How much of what you feel is in your mind?

How much of what you feel is in your mind?


How much of what you feel is in your mind?


One of the things that make my bike ride into work more enjoyable is listening to inspirational podcasts.

One podcast I really like is called, “Good Life Project” by Jonathan Fields.

Its, “About” section on it’s website, describes the projects intention:

“It’s about becoming a creator, a leader, a mentor, a giver, a doer. It’s about telling a story with your life that you’d want to read and share”.


How much of what you feel is in your mind?


Every week Jonathan interviews people with remarkable stories.

This week I listened to Dr Lissa Rankin, who described her life leading up to her current book, Mind Over Medicine which I’m now going to buy.


How much of what you feel is in your mind?


The interesting bit for me was her description of the placebo effects, in case studies and how effective they were. In particular was the amazing story of a surgeon named J. Bruce Moseley.

This is an extract from The New York Times:

“Moseley had 10 patients scheduled for an operation intended to relieve the arthritis pain in their knees.

The patients were men and all 10 would be wheeled into an operating room, draped, examined and anesthetized.

All 10 would be dispatched to the recovery room and sent home from the hospital by the next morning equipped with crutches and a painkiller.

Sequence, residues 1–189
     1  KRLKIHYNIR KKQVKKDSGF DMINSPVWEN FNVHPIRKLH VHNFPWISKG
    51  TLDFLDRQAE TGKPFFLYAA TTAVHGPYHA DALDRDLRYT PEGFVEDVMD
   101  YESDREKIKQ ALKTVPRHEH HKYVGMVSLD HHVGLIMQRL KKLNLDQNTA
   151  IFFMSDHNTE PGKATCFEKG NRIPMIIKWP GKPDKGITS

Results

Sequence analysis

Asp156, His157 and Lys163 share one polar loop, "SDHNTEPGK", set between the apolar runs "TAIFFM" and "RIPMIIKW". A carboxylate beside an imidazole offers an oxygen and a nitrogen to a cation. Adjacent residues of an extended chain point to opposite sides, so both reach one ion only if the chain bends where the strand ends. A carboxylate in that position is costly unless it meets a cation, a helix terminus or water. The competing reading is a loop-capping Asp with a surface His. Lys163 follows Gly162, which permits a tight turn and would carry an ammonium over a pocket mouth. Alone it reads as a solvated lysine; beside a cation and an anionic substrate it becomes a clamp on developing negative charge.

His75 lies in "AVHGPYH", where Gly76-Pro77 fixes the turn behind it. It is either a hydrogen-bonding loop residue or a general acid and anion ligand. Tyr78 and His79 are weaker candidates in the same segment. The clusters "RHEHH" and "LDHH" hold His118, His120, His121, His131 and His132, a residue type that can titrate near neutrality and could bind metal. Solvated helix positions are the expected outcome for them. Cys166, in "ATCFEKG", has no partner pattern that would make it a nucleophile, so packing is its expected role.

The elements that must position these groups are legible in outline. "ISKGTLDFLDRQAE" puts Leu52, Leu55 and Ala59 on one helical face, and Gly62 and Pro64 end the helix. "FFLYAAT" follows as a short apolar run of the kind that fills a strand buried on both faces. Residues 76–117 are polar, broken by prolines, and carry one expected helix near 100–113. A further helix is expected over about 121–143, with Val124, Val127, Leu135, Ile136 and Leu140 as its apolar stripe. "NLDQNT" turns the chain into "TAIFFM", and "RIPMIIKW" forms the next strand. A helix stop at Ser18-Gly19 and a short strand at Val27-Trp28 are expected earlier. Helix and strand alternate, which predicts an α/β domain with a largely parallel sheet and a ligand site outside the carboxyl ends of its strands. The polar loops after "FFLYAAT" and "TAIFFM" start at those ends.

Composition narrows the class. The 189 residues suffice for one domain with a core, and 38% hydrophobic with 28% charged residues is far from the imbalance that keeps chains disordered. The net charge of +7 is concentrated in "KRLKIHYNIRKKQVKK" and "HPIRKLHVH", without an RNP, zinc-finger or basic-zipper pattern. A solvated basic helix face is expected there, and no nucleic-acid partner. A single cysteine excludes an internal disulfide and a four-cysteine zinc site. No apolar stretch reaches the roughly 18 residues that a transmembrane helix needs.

But there the similarities ended.

For while two of the men would undergo the standard arthroscopic surgery for their condition, three would have the rinsing alone, five would have no recognized surgical procedure at all.

Their surgery would be a placebo, an exercise in just pretend.

The placebo worked.


How much of what you feel is in your mind?


Six months after surgery, the 10 patients still didn’t know whether they had been faked out or not. But all of them reported much less pain.

None were unhappy with the outcome of the operation”.

The conclusion Lissa Rankin came to was that it’s not only positive thinking on behalf of the individual patient that helps the placebo become effective but that fact that patients were introduced into nurturing, caring environment where qualified people provided the patient with hope and a positive outlook.

This environment turns off the, “stress” response and turns on the “relaxation” response, which allows the nervous system to perform rather than be paralysed with worry.

If you want this explained more eloquently than I have then you’d do a lot worse than to spend an hour and 4 minutes watching the interview on YouTube.


In my mind (and this is the important bit) this evidence is irrefutable.

It just goes to prove that not only are you what you think you are but you become what you think you can become.



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